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  #1  
Old 12-23-2012, 12:03 PM
steelap steelap is offline
 
Join Date: Oct 2009
Location: North AL
Posts: 5,781
Thumbs up 7.62mm Firearms M14 - And Then A Miracle Occurred

I had 7.62mm Firearms build up a CMP Grade A kit a couple years ago. I finally received my rifle, SN 52204. When trying to fire it, it had issues with loading many different brands of ammo. I checked it for headspace, it did NOT pass the GO gauge. Note: USGI HRA chrome lined barrel.

I contacted Chris, he said to send it back for reaming, but I never got around to it.

A year later I pulled it out of the closet, and tried it out again. Same issues. I tried to reach Chris again, no luck. I tried to find someone local to look at it, no luck (chrome chamber, remember?).

About two months ago I posted on here that I was having issues with the rifle. Rick (Rip/M14) contacted me, and we had several discussions over the phone. I sent the rifle to him for assessment (using FFLs). He then did the following:

1. Floated left bolt lug receiver raceway to compensate for heat treat warping and improper crucible packing at the factory.

2. Deburred inside heel of receiver

3. Sculpted the rear safety lug cut-out in the receiver and immediate area behing it, under the stripper clip guide.

4. Relieved bolt roller impact area at the decelerator rail below the stripper clip guide on top side of cut-out.

5. Relieved barrel ring, right side for right bolt lug clearance.

6. Relieved barrel shroud at three locations for impact problem from improper bolt dimensions.

7. Relieved rotational shoulders in the receiver that were binding the bolts free movement while going to battery.

8. Stoned down sharp ridge at the left receiver lug near the helix cut area wall that joins the lug.

9. Polished the receiver bridge bolt saddle, 60 degree arc cut, and evened it up.

10. Deburred the back right side of the bolt stop window that was interferring with proper bolt stop function.
Would not lie down even at rest when not engaged, and intereferred with the rear of the bolt when in recoil
cycle.

11. Checked flash suppressor alignment.

12. Sculpted proper nose on the bolt and made original bevels that were left out at the factory.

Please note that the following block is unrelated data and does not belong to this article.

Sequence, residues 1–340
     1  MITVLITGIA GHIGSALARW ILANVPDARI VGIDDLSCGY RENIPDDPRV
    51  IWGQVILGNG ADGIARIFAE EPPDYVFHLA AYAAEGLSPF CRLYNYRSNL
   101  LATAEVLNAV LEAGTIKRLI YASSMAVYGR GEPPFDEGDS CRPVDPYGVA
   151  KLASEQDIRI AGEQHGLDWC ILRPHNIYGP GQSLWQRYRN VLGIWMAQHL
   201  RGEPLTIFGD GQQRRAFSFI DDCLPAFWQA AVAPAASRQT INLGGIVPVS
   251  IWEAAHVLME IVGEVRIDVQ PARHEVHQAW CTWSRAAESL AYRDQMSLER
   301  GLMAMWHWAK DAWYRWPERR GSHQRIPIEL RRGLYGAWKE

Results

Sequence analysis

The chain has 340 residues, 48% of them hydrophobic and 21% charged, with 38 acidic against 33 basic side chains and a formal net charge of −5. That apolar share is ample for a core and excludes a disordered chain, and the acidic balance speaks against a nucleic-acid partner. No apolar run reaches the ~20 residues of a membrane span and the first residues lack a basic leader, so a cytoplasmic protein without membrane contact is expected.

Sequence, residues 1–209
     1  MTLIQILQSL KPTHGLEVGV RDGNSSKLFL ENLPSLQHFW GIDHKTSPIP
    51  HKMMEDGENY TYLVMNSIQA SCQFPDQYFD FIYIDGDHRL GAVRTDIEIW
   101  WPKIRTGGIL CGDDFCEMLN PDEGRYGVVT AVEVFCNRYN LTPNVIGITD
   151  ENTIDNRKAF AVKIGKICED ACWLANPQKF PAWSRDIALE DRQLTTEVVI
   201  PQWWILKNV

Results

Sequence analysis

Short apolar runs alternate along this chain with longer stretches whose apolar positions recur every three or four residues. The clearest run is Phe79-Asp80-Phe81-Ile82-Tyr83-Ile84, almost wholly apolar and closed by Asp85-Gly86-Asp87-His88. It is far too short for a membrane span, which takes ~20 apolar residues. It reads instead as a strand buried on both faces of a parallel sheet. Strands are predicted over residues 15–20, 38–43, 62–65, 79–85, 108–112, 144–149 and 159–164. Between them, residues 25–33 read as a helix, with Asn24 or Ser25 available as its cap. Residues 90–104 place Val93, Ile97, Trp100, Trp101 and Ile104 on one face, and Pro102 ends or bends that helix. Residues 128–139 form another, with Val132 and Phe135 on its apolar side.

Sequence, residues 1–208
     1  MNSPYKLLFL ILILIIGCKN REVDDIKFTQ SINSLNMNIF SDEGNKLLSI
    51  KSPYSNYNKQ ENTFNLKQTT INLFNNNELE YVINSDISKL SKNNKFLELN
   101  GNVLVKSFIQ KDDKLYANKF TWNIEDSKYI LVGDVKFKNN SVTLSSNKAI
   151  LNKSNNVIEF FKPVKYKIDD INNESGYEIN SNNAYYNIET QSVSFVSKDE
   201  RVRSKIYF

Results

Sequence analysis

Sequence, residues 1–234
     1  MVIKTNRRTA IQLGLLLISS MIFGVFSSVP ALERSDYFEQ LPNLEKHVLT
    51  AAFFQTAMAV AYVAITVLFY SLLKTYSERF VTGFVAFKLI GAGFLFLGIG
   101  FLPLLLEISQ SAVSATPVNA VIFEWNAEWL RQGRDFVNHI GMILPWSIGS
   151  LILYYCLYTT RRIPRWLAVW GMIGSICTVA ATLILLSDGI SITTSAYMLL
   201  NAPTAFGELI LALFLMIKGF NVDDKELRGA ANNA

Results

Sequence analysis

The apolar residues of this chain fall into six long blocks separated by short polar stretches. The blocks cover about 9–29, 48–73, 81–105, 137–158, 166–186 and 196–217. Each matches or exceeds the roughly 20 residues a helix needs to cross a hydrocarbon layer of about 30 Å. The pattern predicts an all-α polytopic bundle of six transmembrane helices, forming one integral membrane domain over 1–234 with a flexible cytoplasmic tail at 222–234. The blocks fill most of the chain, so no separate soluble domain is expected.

13. Cut the bolt shroud nose back approximately .003 to clearance barrel when in battery.

14. Polished bolt at the rear to clean up previous damage from impacting rough receiver heel.

15. Shortened bolt's rear safety lug for receiver clearance to mate at receiver cut-out.

16. Polished bolt's matching rotational shoulders to mate with receiver shoulders.

17. Polished old extractor and knocked of burrs from previous damage caused by barrel impact. Polished extractor shaft.

18. Lapped bolt and receiver to close gap at the left lug of .003 Total of .0015 off four sides of receiver and bolt.

19. Reamed chamber to 1.632 headspace with carbide reamer.

20. Re-beveled the divider pawl lower at the barrel feed area to clear bolt's cycle.

21. Regreased, zeroed sights to default center, and test fired weapon. Adjusted final setting for sights, front and rear, and set elevation knob to proper number for zero.

He sent it back to me earlier this month. I have taken it to the range twice, and it has performed flawlessly with about six or seven different brands of ammo - both caliber .308 and NATO 7.62x51. Here are a pair of targets, 50 yards, the target is the 50 yard smallbore target:


PPU White box caliber .308


German surplus MEM 7.62x51 NATO

I am both pleased and incredibly grateful to Rip. I can finally enjoy shooting my M14 semi-auto clone.

"Life is Good!"
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  #2  
Old 12-23-2012, 01:33 PM
AndyB AndyB is offline
 
Join Date: Feb 2010
Posts: 41
Default

This one?



There's a pretty lengthy discussion of this at the M14 forum.

http://m14forum.com/m14/100269-7-62-...ed-issues.html

So that's all that was required to make it work?
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  #3  
Old 12-23-2012, 01:41 PM
AndyB AndyB is offline
 
Join Date: Feb 2010
Posts: 41
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This was the review I received from a very prominent M14 smith and manufacturer, that I included when I sent this barreled receiver/bolt back to 762mm.

OK, HERE IS WHAT I FOUND. THE RCVR IS 100% MACHINED, WITHOUT DOING A MICROGRAPH ANALYSIS CANNOT TELL IF CAST, I AM ASSUMING GIVING 7.62 THE BENEFIT OF DOUBT THAT IT IS FORGED. IT IS THE POOREST QUALITY JOB I HAVE EVER SEEN DONE. THEY USED A LARGE DEBURRING TUMBLER OR VIBRATING DEBURRER TO CLEAN UP MACHINING BURRS AS A LABOR SAVER, IT TRASHED ALL THE FINE DETAILS.